With a fresh upgrade to AAA from Standard & Poor's, the Nassau County, N.Y., Interim Finance Authority plans to refund $605.1 million of auction-rate securities market on Thursday. NIFA plans to refund an additional $125 million on May 30.
The bonds being marketed this week will be sold as variable-rate demand bonds in five series with various maturities out to 2025.
Sidley Austin LLP is bond counsel.
Goldman, Sachs & Co., M.R. Beal & Co., and Citi are remarketing agents on the bonds. Liquidity will be provided by BNP Paribas, KBC Bank, and Dexia Credit Local. Standard & Poor's assigned an A-1-plus short-term rating to the bonds.
In addition to refunding the authority's $719 million of ARS and paying issuance costs, the refunding will restructure about $7 million of NIFA's non-auction-rate debt to soften the blow to the county of increased debt service costs incurred from interest rate spikes when the auction-rate market collapsed in mid-February and NIFA's ARS began to fail.
The securities had been pricing to yield between 3% to 4% at the beginning of the year but reset as high as 15% when auctions failed, according to NIFA and Bloomberg. The securities reset at lower rates in April and May and in one case dropped to 2% this month.
Under the legislation that created NIFA in 2000, the agency owns all sales tax in Nassau and uses it to pay debt service and administrative costs before turning the remainder over to the county. By restructuring non-auction-rate debt, NIFA will spread out certain debt service payments so that Nassau County won't receive less sales tax revenue than anticipated even though NIFA had to use some of that revenue to pay higher rates on the auction-rate debt.
"I don't look at it as giving the county relief," said NIFA chairman Ronald Stack. "What we're trying to do is smooth the NIFA debt service. We had a big spike in NIFA debt service because of the demise of the auction-rate market."
Standard & Poor's upgraded NIFA one notch last week, citing strong debt service coverage and its lack of legal authority to issue new debt. NIFA's authorization to issue new debt ended last year, though it can still refund outstanding debt. In a credit report, Standard & Poor's also cited the "strong security afforded the debt through legal separation from the county of the revenue stream pledged to the bonds" as a reason for its rating.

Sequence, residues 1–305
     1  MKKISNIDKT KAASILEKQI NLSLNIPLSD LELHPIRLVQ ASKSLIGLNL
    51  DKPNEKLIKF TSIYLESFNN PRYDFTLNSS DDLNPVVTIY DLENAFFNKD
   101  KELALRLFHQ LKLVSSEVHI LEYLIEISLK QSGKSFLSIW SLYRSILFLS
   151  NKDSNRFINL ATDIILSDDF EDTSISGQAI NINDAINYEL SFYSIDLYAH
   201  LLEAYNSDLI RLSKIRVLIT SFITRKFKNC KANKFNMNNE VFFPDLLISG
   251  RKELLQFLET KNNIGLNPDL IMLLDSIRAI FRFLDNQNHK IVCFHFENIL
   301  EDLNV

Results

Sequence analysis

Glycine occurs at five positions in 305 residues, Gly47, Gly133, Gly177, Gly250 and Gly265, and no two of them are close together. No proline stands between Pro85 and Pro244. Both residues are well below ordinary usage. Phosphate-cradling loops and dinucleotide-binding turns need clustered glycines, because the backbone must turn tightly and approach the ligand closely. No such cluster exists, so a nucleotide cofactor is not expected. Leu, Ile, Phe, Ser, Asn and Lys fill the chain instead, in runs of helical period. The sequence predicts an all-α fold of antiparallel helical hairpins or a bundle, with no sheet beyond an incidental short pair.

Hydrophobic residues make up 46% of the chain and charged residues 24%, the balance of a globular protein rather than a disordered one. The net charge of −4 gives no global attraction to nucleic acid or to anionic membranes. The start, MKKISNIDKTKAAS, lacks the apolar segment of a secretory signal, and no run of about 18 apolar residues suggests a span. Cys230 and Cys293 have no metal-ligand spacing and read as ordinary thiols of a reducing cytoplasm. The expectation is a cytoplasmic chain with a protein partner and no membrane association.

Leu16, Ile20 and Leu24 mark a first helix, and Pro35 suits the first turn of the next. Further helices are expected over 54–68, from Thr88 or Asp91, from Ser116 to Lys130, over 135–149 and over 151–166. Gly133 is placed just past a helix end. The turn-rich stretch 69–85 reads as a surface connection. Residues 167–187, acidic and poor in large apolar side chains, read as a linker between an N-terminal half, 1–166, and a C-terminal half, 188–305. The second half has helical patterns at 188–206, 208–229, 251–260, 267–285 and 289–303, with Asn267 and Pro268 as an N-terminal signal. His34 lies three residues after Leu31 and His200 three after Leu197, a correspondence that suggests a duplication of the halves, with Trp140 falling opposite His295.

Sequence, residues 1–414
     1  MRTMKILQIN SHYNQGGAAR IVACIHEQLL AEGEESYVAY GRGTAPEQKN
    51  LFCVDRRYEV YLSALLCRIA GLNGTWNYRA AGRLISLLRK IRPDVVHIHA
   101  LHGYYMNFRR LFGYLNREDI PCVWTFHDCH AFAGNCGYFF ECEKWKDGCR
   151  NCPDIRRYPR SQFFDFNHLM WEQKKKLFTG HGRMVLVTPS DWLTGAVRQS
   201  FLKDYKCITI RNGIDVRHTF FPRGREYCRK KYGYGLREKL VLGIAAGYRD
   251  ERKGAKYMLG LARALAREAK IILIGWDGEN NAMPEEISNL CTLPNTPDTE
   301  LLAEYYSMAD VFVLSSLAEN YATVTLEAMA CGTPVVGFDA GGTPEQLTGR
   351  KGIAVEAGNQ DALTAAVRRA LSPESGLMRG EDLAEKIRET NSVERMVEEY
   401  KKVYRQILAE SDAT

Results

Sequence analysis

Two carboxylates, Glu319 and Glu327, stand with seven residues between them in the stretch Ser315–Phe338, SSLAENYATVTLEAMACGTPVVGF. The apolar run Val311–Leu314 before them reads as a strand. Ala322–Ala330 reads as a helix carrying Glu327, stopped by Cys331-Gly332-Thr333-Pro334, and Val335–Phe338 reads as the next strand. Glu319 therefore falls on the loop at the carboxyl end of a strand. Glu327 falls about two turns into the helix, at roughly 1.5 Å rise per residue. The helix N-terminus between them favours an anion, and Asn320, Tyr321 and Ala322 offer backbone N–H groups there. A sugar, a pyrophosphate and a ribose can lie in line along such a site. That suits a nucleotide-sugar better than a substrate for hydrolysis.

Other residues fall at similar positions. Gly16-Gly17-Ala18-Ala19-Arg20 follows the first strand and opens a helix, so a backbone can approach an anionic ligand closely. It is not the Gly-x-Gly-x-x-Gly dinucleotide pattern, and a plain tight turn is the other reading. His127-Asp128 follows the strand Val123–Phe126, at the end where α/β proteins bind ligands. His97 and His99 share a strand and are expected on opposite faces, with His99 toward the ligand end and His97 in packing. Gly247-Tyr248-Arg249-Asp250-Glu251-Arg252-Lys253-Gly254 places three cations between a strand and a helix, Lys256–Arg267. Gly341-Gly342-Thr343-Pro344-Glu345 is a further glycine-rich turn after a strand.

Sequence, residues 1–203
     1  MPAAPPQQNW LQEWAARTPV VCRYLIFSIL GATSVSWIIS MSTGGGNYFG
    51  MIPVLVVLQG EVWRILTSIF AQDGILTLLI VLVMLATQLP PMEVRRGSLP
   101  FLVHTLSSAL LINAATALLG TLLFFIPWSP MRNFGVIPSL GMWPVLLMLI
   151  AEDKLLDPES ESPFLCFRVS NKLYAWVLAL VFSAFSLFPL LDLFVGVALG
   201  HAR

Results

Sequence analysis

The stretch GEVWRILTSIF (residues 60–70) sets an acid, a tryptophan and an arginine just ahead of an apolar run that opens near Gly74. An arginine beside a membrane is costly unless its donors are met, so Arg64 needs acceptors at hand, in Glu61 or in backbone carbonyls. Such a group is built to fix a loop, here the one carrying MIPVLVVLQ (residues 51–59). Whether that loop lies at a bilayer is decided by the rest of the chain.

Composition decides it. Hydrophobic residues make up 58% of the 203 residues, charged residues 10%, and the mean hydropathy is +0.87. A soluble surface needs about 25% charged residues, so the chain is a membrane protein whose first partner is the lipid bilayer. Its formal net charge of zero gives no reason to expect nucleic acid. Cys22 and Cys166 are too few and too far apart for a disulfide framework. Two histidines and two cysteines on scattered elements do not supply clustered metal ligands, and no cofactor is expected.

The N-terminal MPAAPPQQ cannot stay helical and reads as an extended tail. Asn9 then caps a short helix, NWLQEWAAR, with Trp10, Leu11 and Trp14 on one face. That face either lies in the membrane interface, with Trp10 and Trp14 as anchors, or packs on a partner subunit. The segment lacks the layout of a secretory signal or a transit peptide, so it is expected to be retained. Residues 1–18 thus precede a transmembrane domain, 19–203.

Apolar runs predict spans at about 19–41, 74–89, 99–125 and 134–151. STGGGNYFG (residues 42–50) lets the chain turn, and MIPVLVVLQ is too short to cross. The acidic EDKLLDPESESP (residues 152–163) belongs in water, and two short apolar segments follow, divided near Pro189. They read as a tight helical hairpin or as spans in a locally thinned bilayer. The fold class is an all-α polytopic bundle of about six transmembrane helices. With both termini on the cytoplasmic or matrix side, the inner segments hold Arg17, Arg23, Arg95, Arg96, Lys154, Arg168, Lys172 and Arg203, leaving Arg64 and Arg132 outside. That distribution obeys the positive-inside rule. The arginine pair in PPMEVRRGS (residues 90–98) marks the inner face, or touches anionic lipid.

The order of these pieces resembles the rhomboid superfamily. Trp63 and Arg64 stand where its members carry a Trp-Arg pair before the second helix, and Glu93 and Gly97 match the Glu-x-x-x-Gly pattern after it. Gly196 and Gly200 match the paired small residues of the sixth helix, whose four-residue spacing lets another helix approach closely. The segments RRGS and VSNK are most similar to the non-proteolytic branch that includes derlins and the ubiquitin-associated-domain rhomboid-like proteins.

Moody's Investors Service assigns its Aa2 and VIMG-1 short-term rating to the bonds. Fitch Ratings assigns its AA-plus and F-plus short-term rating to the bonds.
NIFA entered into swaps on $600 million of its ARS. One reason why NIFA is staying in variable-rate debt at this restructuring is that the swaps would cost an estimated $30 million to terminate, based on mark-to-market values about two weeks ago. The other reason, Stack said, was that NIFA wants to maintain its ratio of variable to fixed rate debt.
NIFA was created by the New York Legislature eight years ago when the Nassau County faced a fiscal crisis and Standard & Poor's had downgraded its debt to BBB-minus from A-minus. NIFA gave the county access to the debt market and has sold $2.51 billion of bonds, of which $1.96 billion is outstanding.
The county's credit rating has improved over the years and is now rated A by Standard & Poor's, a notch higher than before its fiscal crisis. Nassau returned to the market last year and plans to sell about $100 million of new-money bonds next month.
In March, Nassau County officials sought unsuccessfully for legislation that would have allowed them to refund NIFA's debt on the county's credit in an effort to eventually put the agency out of business. NIFA, which will exist as long as it has debt outstanding, also retains the authority to institute a control period over the county's finances under certain conditions.
Stack said that NIFA still plays an essential role in the county, which he compared to that of New York City's financial control board that helped the city out of its fiscal crisis in the 1970s, and "ensures that the future administrations try to keep their budgets in balance."